This is where a lot of people get confused. Integer is an object type, and will be passed by reference, but the program still prints 0. Why? Even though x is a reference to an object, Integer is an immutable type, and the assignment “x=1” is actually equivalent to “x=new Integer(1)”. This actually changes the value of x, rather than the value pointed to by x.
Fortunately this case is rarely the source of errors since it’s considered bad design to return values through parameters.
Although the above code is in Java, you will run into similar behavior with C# immutable types.
Of course the answer is no, otherwise it wouldn’t be a very interesting post. The concept of interning is an attempt to save memory by allocating static values which match exactly to the same memory location, without regard to where they’re used in the application. But here’s in instance where it doesn’t quite work.
The String.Empty constant just contains the value “”. So logic would say that every value in the following code would point to the exact same location:
Early on PHP had no good methods for escaping SQL, and until recently didn’t support parameterized queries. As a result a lot of documentation covers SQL queries without really addressing the issue, and a lot of older PHP developers are unaware of the enhancements made to prevent this type of attack.
PHP 4.3 introduced mysql_real_escape_string which escapes all potentially “bad” characters which could cause unwanted results in your queries. The link contains examples of how to use the function.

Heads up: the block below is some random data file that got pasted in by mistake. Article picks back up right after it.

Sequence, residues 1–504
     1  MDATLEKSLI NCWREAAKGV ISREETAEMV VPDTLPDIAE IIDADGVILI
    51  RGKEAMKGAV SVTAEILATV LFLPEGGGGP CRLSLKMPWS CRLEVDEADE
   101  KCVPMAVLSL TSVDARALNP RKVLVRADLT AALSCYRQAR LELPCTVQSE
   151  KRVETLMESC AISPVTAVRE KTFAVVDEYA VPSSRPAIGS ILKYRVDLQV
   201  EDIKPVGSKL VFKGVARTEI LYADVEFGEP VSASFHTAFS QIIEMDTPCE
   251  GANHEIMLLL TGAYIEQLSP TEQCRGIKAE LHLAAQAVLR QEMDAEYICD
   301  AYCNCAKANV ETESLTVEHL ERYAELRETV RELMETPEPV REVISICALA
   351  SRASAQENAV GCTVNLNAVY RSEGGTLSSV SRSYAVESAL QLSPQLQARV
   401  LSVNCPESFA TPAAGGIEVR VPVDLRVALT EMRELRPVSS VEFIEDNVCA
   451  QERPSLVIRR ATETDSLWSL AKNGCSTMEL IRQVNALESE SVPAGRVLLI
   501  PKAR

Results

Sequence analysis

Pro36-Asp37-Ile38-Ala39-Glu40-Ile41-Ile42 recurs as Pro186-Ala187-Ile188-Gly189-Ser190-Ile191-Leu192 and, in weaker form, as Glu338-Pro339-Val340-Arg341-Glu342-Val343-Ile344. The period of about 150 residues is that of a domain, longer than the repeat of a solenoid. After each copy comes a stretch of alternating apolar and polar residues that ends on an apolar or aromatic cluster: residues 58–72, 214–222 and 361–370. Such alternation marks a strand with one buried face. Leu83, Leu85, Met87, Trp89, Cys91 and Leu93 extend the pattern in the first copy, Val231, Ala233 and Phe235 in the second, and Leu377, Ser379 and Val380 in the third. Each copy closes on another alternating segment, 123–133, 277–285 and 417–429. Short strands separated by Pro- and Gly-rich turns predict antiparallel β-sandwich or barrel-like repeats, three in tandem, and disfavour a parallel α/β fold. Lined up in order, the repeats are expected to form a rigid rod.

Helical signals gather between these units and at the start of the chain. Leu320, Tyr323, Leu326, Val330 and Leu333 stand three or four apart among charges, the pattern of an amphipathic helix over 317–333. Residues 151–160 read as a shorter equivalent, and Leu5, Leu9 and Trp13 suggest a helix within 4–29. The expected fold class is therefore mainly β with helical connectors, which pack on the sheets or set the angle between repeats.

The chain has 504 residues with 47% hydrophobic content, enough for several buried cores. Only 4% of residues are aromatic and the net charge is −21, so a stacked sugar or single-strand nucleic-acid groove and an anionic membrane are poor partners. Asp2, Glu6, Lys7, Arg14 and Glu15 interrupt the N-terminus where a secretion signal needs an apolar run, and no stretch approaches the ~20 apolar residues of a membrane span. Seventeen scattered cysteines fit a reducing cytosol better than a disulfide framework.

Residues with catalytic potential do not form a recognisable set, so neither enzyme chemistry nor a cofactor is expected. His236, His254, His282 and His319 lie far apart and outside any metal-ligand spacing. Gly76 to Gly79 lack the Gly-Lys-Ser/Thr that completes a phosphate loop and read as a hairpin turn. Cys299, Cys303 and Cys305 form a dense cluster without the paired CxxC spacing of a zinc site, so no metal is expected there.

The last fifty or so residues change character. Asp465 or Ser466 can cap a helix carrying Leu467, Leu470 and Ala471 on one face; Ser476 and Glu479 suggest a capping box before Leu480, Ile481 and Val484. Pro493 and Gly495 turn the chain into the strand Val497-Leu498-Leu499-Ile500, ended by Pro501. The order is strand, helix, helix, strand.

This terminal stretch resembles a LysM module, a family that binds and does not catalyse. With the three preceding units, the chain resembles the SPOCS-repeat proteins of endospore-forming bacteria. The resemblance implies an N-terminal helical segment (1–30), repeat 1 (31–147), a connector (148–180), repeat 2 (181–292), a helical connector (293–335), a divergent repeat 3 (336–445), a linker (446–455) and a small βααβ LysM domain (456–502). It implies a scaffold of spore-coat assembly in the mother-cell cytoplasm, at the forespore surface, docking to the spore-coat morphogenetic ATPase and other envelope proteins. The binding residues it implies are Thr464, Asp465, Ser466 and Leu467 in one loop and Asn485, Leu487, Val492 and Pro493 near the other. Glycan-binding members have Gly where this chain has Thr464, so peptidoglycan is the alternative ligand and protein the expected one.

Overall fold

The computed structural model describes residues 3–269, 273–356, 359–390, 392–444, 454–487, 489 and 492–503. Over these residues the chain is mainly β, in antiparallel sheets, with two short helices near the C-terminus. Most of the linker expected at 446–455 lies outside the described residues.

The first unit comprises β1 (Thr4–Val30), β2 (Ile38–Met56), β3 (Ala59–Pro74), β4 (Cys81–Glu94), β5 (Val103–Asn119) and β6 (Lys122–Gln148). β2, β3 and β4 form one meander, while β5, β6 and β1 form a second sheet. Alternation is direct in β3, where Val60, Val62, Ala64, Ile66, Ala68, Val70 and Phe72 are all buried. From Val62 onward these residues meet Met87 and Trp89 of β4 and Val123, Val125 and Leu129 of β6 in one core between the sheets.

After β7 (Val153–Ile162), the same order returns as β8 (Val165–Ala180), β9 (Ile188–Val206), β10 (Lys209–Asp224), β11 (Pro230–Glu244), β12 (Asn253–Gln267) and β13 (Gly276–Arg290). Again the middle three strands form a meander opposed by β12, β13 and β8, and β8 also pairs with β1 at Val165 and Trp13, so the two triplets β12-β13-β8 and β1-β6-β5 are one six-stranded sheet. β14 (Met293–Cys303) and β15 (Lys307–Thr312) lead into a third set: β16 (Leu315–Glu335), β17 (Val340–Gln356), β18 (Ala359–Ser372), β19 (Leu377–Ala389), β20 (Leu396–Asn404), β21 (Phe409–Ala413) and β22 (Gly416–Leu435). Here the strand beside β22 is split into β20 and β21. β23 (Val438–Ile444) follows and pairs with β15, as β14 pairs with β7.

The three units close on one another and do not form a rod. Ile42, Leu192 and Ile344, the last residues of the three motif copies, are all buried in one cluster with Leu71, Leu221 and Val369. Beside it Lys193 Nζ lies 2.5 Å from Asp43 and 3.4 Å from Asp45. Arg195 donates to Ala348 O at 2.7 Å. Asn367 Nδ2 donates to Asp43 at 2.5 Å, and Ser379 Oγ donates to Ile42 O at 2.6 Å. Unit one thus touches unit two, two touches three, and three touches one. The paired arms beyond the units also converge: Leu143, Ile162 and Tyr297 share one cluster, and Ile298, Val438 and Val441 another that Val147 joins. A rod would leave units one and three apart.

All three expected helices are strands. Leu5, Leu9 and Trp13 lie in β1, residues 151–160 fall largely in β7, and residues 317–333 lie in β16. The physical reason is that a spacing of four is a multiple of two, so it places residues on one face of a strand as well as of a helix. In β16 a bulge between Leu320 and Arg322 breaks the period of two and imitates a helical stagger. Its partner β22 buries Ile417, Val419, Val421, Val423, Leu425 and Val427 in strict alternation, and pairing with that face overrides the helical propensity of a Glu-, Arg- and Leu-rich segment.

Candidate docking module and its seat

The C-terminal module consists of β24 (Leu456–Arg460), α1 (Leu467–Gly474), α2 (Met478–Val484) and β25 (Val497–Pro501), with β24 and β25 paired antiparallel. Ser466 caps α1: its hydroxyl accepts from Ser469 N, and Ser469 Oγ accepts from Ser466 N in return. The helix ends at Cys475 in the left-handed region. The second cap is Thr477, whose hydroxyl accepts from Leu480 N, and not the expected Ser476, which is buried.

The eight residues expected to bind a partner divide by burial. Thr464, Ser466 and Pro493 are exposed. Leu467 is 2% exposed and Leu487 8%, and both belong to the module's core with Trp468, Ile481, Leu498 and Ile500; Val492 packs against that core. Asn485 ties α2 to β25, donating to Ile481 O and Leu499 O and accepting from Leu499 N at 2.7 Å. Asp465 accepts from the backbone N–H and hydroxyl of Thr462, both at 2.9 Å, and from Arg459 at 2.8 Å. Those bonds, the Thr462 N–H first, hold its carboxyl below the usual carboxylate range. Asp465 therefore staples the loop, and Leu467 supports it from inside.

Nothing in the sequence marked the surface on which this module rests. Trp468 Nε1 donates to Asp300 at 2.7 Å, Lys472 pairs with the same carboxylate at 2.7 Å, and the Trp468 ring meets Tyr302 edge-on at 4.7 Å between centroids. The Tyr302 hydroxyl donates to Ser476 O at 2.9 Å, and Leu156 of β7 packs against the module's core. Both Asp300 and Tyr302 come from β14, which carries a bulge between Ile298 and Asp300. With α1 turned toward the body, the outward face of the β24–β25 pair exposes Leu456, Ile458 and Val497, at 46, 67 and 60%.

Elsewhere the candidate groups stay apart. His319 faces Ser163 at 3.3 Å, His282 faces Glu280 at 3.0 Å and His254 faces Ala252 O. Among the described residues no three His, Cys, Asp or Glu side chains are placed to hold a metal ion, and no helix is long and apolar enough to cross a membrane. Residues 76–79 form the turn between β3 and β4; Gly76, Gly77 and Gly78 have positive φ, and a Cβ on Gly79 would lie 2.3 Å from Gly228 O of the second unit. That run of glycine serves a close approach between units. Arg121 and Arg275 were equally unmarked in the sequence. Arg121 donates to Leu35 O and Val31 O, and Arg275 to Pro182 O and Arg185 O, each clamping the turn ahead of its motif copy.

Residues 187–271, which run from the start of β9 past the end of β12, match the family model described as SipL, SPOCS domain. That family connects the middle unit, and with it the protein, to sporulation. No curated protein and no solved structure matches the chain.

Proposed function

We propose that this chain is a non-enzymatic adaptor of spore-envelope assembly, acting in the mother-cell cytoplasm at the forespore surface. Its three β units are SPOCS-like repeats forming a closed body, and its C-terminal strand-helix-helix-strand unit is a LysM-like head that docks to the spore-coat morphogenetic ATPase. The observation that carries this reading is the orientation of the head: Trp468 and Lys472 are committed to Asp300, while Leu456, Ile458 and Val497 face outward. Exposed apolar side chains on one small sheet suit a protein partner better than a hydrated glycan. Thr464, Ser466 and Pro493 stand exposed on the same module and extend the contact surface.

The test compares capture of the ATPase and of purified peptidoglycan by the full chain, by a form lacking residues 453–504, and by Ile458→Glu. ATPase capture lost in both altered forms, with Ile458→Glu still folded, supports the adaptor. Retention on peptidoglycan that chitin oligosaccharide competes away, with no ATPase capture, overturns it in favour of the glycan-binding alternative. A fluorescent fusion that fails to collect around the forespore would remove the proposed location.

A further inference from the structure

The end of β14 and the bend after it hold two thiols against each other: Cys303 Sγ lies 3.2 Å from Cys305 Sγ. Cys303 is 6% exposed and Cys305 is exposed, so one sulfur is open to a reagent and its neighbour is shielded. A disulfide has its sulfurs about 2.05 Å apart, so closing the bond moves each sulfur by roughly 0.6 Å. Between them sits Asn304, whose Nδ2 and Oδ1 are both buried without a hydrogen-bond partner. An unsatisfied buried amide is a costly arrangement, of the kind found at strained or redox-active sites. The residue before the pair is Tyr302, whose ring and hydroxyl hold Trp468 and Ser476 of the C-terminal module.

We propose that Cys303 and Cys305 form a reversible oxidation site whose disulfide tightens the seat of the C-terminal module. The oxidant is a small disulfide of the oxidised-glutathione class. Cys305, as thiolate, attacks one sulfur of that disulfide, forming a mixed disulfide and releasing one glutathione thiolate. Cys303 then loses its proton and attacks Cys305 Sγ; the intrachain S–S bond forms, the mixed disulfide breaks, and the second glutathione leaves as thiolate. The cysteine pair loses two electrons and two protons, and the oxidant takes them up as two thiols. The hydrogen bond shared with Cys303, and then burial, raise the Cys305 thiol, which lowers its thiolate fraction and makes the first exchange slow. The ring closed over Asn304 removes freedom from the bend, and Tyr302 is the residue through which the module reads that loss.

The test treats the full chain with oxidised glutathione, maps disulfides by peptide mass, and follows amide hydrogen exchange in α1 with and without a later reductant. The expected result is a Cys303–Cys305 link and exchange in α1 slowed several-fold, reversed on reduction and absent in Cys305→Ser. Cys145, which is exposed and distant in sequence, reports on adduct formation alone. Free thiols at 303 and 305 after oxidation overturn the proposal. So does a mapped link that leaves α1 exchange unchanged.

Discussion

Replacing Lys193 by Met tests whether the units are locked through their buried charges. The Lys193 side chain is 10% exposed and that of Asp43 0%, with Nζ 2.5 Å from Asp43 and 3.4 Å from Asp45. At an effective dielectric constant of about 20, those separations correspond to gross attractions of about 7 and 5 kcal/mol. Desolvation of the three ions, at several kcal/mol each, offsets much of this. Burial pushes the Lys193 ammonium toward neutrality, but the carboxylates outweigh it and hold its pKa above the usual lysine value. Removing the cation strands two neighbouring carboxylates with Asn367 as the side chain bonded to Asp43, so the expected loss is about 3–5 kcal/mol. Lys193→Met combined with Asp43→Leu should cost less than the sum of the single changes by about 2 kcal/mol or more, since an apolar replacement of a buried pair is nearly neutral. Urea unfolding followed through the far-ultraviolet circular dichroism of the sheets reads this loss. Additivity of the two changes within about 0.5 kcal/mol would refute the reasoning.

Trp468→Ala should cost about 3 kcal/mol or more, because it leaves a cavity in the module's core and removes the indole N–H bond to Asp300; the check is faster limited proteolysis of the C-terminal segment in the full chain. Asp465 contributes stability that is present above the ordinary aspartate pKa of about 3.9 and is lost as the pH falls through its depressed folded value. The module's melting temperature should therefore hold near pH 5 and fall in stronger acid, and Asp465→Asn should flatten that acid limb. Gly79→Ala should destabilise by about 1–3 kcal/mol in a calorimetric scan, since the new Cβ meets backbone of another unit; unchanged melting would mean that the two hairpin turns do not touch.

PHP5 includes the MySQLi (MySQL Improved) extention which provides a more enhanced API for accessing MySQL. The mysqli_stmt_bind_param function allows you to use parameterized queries. The link to the function provides an example of how to use parameterized queries.
Parameterized queries are generally considered safer than escaped strings, but that’s only in theory. mysql_real_escape_string currently escapes all known bad characters, and the only thing that would make it unsafe would be for another bad character to be discovered. But parameterized queries will go through a more complicated code path, and thus, more likely to be affected by a coding bug. So there’s really no security related argument which favors one over the other.
Although they are videos, I found it easy to follow by just letting it play in the background while working on something else. Of course there are many times you must switch over to the video to see the code he’s referring to, so it wouldn’t work well on just an MP3 player.
The following snippet will find “dead time” (e.g. time where no events are scheduled) in a database:
1 select distinct dateadd(s,-1,starttime)as deadtime,"start"from sometable t where 2 0=(select count(*)from sometable u where u.starttime < t.deadtime and u.endtime > t.deadtime) 3 union all 4 select distinct dateadd(s,1,endtime)as deadtime,"end"from sometable t where 5 0=(select count(*)from sometable u where u.starttime < t.deadtime and u.endtime > t.deadtime) 6 order by deadtime